With all the talk about budgets, debt ceilings, credit rating downgrades and default many missed some very big energy news last week. Chesapeake Energy announced a major discovery in southeast Ohio after discovering natural gas and shale oil deep within the Utica Shale. Ohio Governor John Kasich recently asked, "Did you hear about the revolution that's coming to Ohio? Folks this is huge."
Chesapeake noted successful results from six horizontal and nine vertical wells drilled in its Utica shale holdings, and based on its proprietary geoscientific, petrophysical and engineering research during the past two years, said its “industry-leading 1.25 million net leasehold acres in the Utica Shale play could be worth $15 - $20 billion in increased value to the company.” Analysts at Baird Equity Research say the results constitute an implied acreage valuation of $12,500-$16,667 per acre.
In what some may see as most compelling about the report is the direct comparison to the much publicized Eagle Ford Shale. The company believes the Utica Shale “will be characterized by a western oil phase, a central wet gas phase and an eastern dry gas phase and is likely most analogous, but economically superior to, the Eagle Ford Shale in South Texas.”
The Utica Shale occurs in outcrops in New York and in the subsurface in the provinces of Quebec and Ontario in Canada. It is also found in the states of Pennsylvania, West Virginia, and Ohio.
One estimate puts an estimated 20 trillion cubic feet of natural gas in the Utica Shale, and while it offers some unique challenges—a higher carbonate content and lower clay mineral count than the Marcellus as well as significant depth and a lack of information surrounding the play—producers are cautiously optimistic that advances in technology utilizing multi-stage hydraulic fracturing and horizontal drilling techniques can unlock the play’s potential.
The potential of the Utica Shale in New York is immense and opens areas to drilling in the state not covered by the Marcellus. With the DEC now lifting the hyrdraulic fracturing moratorium in the Marcellus look for the the environmental lobby to redouble their efforts to shut down drilling in New York all together. With the Town of Otsego as the standard, pressure is building in communities across the state to enhance land use laws and zoning restrictions in an attempt to usurp state law.
This plan of action doesn't seem particularly well thought out though as there are significant potential legal ramifications to such action and in the town ofDryden, New York, the town board has been put on notice. The towns of Otsego, Springfield, Middlefield, and Cherry Vally would do well to take notice so as to not put the citizens on the hook to defend positions that turn out to be indefensible.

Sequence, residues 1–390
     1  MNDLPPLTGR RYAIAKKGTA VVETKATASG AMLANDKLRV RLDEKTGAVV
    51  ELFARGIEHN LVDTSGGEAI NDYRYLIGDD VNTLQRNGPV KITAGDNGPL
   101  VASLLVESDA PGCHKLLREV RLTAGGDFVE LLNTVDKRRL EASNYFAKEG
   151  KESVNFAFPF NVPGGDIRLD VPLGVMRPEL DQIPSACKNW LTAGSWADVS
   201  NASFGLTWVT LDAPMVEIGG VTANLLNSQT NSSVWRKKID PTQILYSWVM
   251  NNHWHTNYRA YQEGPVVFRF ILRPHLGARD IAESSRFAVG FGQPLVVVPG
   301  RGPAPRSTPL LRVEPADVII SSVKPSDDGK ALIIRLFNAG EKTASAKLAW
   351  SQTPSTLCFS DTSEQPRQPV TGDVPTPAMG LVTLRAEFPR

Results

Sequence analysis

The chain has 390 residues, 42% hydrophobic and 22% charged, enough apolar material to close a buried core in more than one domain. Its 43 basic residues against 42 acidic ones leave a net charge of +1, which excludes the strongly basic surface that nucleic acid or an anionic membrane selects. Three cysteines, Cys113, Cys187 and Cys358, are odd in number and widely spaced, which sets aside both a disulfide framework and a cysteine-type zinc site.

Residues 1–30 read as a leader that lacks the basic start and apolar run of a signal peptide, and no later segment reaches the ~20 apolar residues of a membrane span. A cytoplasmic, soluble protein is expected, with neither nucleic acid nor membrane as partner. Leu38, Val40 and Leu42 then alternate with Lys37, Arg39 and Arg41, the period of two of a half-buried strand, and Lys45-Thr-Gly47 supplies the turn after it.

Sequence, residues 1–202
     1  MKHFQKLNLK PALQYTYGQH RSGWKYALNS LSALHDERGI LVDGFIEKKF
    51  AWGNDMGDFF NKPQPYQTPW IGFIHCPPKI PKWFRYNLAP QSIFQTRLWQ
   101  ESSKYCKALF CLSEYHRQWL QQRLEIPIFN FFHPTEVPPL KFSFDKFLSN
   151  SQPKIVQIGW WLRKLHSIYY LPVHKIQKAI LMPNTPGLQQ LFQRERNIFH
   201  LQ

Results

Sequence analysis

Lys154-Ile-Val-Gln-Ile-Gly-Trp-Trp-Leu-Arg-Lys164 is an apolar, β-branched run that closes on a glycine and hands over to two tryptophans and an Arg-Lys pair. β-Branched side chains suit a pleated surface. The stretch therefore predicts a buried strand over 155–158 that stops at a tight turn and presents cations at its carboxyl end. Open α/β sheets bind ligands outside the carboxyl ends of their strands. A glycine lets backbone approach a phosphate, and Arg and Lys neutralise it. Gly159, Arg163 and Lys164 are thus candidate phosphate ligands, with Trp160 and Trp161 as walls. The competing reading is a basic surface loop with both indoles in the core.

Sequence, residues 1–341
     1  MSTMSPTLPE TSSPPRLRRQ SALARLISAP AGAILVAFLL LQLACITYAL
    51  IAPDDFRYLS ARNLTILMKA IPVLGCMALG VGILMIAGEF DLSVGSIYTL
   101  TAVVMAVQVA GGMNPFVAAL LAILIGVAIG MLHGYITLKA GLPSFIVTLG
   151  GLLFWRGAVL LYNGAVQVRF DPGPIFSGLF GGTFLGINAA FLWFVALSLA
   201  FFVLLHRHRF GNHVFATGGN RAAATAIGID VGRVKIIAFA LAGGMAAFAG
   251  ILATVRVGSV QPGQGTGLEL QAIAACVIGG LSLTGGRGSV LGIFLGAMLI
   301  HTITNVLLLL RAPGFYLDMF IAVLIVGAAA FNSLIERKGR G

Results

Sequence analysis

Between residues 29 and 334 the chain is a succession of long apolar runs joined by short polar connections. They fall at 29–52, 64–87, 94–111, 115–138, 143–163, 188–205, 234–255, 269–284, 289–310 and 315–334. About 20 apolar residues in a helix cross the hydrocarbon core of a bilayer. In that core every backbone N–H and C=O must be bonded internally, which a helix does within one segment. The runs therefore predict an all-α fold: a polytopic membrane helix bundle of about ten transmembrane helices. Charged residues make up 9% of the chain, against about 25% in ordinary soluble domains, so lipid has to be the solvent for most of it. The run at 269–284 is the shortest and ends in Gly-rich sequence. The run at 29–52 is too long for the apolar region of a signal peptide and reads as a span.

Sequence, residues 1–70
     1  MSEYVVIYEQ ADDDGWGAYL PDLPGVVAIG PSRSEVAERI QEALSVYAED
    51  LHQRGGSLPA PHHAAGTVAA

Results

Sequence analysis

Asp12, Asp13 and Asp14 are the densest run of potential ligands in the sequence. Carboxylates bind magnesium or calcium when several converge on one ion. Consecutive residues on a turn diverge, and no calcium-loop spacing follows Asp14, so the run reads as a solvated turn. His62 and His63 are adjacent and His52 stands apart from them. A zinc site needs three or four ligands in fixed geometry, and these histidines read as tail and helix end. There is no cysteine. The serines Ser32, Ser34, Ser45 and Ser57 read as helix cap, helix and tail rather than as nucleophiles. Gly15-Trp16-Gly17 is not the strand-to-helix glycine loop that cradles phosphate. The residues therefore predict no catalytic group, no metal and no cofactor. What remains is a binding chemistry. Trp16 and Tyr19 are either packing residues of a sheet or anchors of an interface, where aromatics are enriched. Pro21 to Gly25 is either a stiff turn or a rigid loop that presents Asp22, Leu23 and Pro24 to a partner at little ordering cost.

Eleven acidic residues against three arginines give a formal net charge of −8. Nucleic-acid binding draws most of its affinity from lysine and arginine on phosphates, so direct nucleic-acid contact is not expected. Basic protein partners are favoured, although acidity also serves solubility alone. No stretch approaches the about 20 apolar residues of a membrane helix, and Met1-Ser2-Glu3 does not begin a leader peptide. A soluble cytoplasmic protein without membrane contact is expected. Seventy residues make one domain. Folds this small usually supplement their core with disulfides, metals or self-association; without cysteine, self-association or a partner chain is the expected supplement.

In conclusion, the Town should affirmatively anticipate that federal and/or state court action against it is highly probably, if not virtually certain, on one or more of the above cited or other claims. You cannot extinguish hundreds of millions of dollars of property values held by thousands of residents and separate mineral rights held by both in and out of state people without anticipating legal actions. The energy industry has its own causes of action and may also sue.
It is highly probable that this overly broad ban, as written, will have unforeseen or unintended consequences. For similar reason, the County Legislature deferred action on a road law.
The more sensible alternative and responsible fiduciary response is to defer any action on a ban until ban challenges elsewhere are litigated. Certainly, the State is far from ready to begin permitting wells, so there is no need for haste. You have at a minimum into 2012, if not longer.
The Town should take notice that a ban is inconsistent with environmental advocates’ position favoring the development of natural gas under the Kyoto protocols. It is also inconsistent for the Town and individuals to use energy from elsewhere while refusing to allow its regulated development locally. And, failure to develop domestic energy means foreign energy dependence, foreign wars to protect vital energy interests, and the sapping of revenues the government could use to pay debt and provide programs.
DSEC’s mission is to offer balanced, data driven information on safe energy development, to logically and numerically evaluate benefit-to-risk ratios, free of emotional bias or ideology, and to bring together people interested in an analytical approach to energy issues. A ban does not serve to meet this mission. It does not allow for a “middle way” in which there is lawful, safe, regulated energy development. Legally, we believe a total ban is an unnecessary high risk strategy for the Town and which in its uncompensated takings is unjust.
The Board is now on notice. It is DSEC’s hope the Board will do the prudent thing and recognize there is both division of opinion in Dryden and significant large scale dollar risk. Both drilling without regulation and refusal to drill are equally extreme solutions. We oppose both. Please opt for deliberate moderation and do not adopt in haste this radical total ban.